A new feature has been added to COBS analysis page enabling the observer to plot the date of perihelion on the lightcurve graph.
It does not look like much now — just a 19th-magnitude smudge tucked away in southwestern Virgo — but a newly discovered comet could become something special 10 months from now.
The extraterrestrial rock is tumbling through space alongside thousands of similar objects in our solar systems main asteroid belt, roughly between the orbits of Mars and Jupiter.
S. Larson reports that images of the main-belt minor planet (596) show the object to be in apparent outburst with a comet-like appearance.
A new feature has been added to COBS analysis page enabling the observer to filter the observation data by observation type.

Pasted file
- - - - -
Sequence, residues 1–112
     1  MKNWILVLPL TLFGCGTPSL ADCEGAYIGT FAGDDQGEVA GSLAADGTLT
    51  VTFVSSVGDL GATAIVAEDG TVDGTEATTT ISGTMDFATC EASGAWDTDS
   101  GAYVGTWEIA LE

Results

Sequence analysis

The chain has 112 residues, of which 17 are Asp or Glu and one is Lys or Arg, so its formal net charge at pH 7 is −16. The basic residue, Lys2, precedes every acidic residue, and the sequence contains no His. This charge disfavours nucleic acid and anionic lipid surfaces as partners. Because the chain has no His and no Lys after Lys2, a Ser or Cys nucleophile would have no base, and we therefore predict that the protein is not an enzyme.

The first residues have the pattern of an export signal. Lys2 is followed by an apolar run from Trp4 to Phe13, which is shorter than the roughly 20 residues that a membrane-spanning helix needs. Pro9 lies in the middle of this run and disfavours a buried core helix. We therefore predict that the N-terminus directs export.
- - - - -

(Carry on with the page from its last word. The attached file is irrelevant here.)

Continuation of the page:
A. Boattini reports his discovery of a faint comet with a moderately diffuse coma that is 6"-7" wide and a central condensation that is about 3"-4" in size on four 30-s co-added CCD exposures taken with the Mt. Lemmon 1.5-m reflector in Arizona.
This morning EPOXI, the spacecraft formerly known as Deep Impact, flew within 435 miles (700 km) of the nucleus of Comet 103P/Hartley 2. Images taken during the encounter are being downloaded from the spacecraft throughout the day. A few of the images have been released by the EPOXI team and can be found here.
S. Nakano, Sumoto, Japan, reports the visual discovery of a comet independently by Kaoru Ikeya ...
Under the scope of CARA project, comet 103P/Hartley is continuously monitored by a group of dedicated observers, using small and medium size remote telescopes, now available worldwide.
Comet 103P/Hartley is currently in the middle of Auriga moving to the southeast at a little over 3° per day. With closest approach to Earth on Oct. 20 (0.121 AU) and closest approach to the Sun on Oct. 28 (1.059 AU), the comet is as big and bright as it will probably get for this return. Unfortunately, the bright Full Moon will make observing the comet difficult for the next week and a half.